Program Adaptation

Title

Program Adaptation

When choosing an evidence-based program (EBP), it is important to consider how a program will fit with the cultural values of your target population, as well as how it will fit with the setting and resources available for implementation. If a program does not make cultural sense to your target audience, then it is unlikely to be effective. For this reason, a program developed and empirically supported in one community simply may not work in another. Additionally, a program needs to be feasible and practical in your specific setting to be implemented effectively.

However, it is possible that no one EBP is a perfect match for your situation. When this happens, it is often necessary to modify an existing program to better fit your needs.

  • Adaptation refers to any change a prevention program undergoes to meet specific needs. Adaptation can include two types of changes to programs:
  • Content: Making changes or additions to program manuals, tasks, and tools so that the content is more relevant to the target population. In order to be effective, these changes should reflect the use of both culturally-relevant names, terms, and examples (surface structure) and culturally-relevant concepts, themes, and issues (deep structure).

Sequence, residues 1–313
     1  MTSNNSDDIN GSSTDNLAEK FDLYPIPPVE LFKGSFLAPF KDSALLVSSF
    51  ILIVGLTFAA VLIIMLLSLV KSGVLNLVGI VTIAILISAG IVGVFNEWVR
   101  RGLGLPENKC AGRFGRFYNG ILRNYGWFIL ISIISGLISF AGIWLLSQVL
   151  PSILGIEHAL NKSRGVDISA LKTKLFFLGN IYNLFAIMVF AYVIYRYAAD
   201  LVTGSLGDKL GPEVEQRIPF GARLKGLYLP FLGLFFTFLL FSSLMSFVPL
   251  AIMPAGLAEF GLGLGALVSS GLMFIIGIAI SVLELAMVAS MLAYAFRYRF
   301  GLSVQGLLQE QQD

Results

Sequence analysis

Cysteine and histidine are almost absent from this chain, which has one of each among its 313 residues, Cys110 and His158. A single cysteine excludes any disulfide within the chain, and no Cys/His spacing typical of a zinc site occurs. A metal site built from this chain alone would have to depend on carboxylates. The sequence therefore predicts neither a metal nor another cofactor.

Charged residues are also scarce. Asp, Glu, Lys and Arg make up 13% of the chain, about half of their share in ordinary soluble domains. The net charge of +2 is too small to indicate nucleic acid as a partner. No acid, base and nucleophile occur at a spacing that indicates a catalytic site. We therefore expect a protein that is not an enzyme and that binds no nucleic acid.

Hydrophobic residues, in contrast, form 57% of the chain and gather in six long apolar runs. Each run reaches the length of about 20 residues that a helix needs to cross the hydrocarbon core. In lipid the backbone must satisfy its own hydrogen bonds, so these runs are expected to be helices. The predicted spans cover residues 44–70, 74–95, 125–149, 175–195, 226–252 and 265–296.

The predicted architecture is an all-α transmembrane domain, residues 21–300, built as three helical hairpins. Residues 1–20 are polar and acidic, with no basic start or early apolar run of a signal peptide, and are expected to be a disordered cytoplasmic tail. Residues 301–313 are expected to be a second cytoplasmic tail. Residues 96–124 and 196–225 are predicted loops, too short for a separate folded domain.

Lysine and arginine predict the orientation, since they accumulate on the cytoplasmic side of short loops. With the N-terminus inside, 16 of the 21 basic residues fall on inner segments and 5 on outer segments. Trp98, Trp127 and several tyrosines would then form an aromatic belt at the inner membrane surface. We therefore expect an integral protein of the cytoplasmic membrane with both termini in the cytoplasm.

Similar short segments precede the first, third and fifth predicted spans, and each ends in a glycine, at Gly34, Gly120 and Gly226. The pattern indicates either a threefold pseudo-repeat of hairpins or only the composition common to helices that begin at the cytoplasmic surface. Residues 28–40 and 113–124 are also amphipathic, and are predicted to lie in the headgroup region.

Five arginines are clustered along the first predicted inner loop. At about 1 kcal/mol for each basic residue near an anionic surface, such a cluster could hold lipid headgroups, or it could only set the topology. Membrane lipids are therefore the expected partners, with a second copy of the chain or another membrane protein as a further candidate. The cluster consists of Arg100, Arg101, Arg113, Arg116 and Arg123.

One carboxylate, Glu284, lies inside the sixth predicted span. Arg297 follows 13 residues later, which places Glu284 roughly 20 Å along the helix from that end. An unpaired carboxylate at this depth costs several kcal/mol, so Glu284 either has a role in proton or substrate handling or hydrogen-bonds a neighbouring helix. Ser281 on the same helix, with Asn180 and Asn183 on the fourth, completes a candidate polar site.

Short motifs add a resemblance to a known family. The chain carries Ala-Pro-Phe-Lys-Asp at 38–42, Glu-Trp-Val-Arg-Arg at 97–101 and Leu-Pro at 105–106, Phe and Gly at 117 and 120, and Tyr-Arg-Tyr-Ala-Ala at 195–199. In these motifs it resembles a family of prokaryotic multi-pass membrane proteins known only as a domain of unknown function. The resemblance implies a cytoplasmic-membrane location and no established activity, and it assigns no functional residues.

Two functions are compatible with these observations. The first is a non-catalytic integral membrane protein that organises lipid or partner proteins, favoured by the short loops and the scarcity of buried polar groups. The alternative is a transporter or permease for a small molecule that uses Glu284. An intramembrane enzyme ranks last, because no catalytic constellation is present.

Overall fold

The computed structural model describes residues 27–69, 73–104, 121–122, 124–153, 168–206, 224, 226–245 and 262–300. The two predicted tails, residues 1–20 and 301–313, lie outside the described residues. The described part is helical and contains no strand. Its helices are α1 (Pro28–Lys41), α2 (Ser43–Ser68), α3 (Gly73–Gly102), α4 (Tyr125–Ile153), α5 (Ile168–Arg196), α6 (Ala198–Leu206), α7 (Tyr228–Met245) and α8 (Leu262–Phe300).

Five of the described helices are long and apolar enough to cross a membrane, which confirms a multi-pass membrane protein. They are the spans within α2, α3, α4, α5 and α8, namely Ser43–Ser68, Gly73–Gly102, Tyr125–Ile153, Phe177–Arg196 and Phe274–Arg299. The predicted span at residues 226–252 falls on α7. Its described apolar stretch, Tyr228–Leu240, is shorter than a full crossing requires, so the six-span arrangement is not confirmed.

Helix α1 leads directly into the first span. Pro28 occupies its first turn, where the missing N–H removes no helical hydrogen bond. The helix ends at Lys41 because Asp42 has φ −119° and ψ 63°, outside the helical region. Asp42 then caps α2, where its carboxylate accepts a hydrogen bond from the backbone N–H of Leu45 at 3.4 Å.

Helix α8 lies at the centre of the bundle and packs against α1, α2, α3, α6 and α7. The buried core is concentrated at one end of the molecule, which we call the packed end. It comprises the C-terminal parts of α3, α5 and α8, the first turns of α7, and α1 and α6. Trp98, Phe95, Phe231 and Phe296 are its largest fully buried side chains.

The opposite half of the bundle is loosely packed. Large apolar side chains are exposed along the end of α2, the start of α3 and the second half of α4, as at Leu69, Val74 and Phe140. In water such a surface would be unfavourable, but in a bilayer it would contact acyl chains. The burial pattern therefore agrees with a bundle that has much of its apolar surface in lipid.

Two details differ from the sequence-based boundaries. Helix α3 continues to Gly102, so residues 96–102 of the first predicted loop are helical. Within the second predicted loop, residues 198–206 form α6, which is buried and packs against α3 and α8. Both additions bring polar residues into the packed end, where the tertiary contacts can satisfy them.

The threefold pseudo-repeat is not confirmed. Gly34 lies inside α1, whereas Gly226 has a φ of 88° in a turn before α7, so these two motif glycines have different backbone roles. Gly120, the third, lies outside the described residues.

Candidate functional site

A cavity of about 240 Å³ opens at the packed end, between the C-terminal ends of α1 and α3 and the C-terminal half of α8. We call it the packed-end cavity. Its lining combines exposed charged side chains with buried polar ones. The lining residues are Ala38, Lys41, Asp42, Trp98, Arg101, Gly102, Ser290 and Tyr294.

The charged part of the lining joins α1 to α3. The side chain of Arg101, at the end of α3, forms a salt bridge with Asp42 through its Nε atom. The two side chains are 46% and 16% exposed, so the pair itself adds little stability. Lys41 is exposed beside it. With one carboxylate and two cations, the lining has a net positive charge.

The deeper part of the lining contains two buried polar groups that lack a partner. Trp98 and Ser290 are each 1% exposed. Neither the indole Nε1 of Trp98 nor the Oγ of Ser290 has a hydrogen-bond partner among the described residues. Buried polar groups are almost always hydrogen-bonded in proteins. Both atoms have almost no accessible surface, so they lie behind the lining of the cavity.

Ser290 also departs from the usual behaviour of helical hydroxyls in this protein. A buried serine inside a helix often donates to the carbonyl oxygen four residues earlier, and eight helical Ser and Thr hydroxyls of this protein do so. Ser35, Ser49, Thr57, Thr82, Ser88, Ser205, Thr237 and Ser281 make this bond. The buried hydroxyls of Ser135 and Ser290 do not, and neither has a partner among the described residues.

• Delivery: Making changes to the way programs are carried out (e.g., methods, online, or in the classroom)

 Most programs are characterized by a set of "key ingredients" which are thought to be the main catalysts of program effectiveness. The rest of the program surrounds and supports these key ingredients. When making modifications to a program it is important to identify and keep the "key ingredients" in order to maintain program effectiveness. However, often other facets of the program can be changed without significantly diminishing program effectiveness. When changes are made to a program it is critical that they are recorded and monitored so that you can later understand if they had some major effect on the intended outcomes. Well-designed adaptations can actually increase the effectiveness of your program.

 

References

Castro, F., Barrera, M., and Martinez, C. (2004). The cultural adaptation of prevention interventions: resolving tension between fidelity and fit. Prevention Science, 5(1), 41-45.
 
Resnicow, K., Baranowski, T., Ahluwalia, J.S., and Braithwaite, R.L. (1999). Cultural sensitivity in public health: defined and demystified. Ethnicity and Disease, 9 (1), 10-21.
 
SAMHSA. (2015, September 25). Cultural Competence. Retrieved from http://www.samhsa.gov/capt/applying-strategic-prevention/cultural-competence